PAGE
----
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I've seen questions asked here before about Python and copying files, but I have a different scenario to deal with.

I'm almost done with a Linux distro installer I've been working on, and now all it needs to do is copy the files over to the destination partition. As most distro installers have a progress bar, I was hoping to add one too.

Right now, I'm using PyQt4 and my code looks like this:

self.status('Counting files...')
self.count = int(check_output(['-c', 'find /opt/linux/work/root-image/ -type f | wc -l'], stderr = PIPE, shell = True))

self.status('Copying files...')

i = 0

for root, dirs, files in os.walk('/opt/linux/work/root-image/'):
  for file in files:
    i += 1
    f = os.path.join(root, file)

      os.system('mkdir -p /tmp/foo' + os.path.split(f)[0])

    os.system('cp ' + f + ' /tmp/foo' + f)

    if i % 100 == 0:
      self.emit(SIGNAL('progress(int)'), int(100.0 * float(i) / float(self.count)))


It's quite inefficient because of the progress bar. The whole image is 2.1GB, and it takes the script a really long time to copy the files over. Much longer than a simple cp -r.

Is there any efficient way to do this? For single-file copy progressbars, all you do is read little chunks at a time, but I have no idea how to do that for a directory with 91,489 files.

Any help would be helpful. Thanks!

share|improve this question
up vote 1 down vote accepted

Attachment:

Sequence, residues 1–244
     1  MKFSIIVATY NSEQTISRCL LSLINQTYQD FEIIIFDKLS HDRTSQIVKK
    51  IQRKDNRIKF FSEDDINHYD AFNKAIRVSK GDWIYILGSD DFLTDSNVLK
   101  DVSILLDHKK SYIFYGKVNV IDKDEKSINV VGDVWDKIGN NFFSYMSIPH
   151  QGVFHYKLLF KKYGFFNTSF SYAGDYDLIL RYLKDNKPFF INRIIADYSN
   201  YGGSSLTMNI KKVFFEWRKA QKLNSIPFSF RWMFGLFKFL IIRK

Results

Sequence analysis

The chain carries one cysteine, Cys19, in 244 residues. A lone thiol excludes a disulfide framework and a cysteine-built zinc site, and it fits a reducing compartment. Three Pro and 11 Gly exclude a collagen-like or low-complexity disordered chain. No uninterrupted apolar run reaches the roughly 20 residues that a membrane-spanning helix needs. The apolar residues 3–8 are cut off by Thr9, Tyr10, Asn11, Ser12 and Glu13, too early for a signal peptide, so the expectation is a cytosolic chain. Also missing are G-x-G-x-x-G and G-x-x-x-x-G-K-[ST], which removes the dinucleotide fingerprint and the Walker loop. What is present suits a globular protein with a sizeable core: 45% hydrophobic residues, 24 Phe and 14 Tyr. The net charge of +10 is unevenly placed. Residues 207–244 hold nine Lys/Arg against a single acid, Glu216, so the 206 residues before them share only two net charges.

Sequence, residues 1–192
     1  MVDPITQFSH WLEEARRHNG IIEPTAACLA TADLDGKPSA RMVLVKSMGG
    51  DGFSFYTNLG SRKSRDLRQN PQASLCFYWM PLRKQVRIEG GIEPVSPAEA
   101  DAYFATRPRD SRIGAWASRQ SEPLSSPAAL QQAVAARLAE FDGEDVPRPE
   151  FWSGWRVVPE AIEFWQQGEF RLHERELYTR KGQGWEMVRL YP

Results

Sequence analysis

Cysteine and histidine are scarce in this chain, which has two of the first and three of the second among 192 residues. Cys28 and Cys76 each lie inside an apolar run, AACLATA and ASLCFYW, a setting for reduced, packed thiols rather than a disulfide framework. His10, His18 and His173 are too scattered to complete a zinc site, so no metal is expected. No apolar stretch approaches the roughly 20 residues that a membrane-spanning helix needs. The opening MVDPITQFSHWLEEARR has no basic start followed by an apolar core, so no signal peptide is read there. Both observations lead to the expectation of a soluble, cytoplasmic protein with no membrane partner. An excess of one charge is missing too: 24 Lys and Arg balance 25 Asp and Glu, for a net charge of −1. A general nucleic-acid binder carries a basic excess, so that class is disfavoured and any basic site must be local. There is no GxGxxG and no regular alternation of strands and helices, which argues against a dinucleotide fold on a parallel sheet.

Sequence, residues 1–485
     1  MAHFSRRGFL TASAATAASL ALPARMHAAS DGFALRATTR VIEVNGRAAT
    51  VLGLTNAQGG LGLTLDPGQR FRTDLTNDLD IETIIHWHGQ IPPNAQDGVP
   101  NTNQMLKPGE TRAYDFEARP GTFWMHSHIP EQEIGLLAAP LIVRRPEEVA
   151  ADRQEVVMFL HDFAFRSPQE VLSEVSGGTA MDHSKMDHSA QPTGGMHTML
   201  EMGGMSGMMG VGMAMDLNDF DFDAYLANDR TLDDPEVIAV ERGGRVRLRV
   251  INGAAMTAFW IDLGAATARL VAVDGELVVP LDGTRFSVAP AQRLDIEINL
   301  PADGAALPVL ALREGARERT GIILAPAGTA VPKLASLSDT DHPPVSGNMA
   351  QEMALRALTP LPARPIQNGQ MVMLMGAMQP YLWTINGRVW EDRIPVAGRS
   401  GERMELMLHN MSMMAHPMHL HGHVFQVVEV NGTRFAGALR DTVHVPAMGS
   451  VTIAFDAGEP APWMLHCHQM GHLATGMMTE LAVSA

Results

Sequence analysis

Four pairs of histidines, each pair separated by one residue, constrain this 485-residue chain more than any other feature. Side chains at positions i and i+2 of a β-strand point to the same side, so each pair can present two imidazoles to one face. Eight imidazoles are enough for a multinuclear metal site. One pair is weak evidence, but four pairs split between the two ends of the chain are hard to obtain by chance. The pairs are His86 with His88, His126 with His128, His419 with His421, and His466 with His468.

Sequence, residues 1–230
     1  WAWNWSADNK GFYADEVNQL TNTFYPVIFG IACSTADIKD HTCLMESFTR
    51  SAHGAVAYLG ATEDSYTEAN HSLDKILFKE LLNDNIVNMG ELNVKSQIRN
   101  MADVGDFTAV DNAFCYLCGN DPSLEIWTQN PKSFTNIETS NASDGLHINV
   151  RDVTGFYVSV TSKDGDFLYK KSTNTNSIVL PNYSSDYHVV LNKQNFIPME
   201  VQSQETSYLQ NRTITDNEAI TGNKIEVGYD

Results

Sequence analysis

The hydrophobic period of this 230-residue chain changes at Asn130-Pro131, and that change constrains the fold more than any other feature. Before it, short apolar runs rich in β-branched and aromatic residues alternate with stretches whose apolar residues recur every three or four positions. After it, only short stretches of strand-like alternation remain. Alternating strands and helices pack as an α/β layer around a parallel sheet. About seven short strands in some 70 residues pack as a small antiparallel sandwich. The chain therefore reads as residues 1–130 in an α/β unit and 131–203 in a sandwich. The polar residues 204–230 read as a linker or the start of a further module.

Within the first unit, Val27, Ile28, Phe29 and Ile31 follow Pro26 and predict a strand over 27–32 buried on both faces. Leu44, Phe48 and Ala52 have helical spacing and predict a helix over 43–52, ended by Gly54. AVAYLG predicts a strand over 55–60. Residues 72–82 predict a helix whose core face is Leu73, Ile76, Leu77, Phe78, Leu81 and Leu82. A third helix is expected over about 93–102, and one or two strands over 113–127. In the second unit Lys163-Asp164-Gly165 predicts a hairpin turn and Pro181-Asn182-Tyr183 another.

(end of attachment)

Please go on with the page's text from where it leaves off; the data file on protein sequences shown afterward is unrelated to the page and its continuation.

You could try using shutil.copy to copy files instead of calling out to the OS using os.system (which creates a separate process). You can also use os.mkdir to create new directories. However, are you sure that it is slow because of the progress bar and not something else?

share|improve this answer
The signal emitting slows things down quite a lot. But I'll try those changes, maybe the processes are really slowing it down this time. – Blender May 23 '11 at 8:25
If you have 91489 files and you are firing a signal after every 100 files, then that's only 914 signal emissions or so -- it shouldn't be a problem. Is it much faster if you comment out the self.emit part in the for loop and copy files one by one using os.system as above? – Tamás May 23 '11 at 8:27
I'm testing it now. Seems to get stuck on broken symlinks (which work if the root directory was the source, but that's not working on the host system). – Blender May 23 '11 at 8:32
Apparently you have to handle such corner cases yourself, i.e. by checking in advance whether the file is a broken symlink (os.path.exists should return False) and then making the symlink manually using os.symlink. – Tamás May 23 '11 at 9:43
The symlinks work if the root folder / is the folder I'm copying from, as the folder I'm copying from is a Linux FS. Python doesn't like the broken symlinks, so I guess I'll have to manually cp them... – Blender May 23 '11 at 15:27

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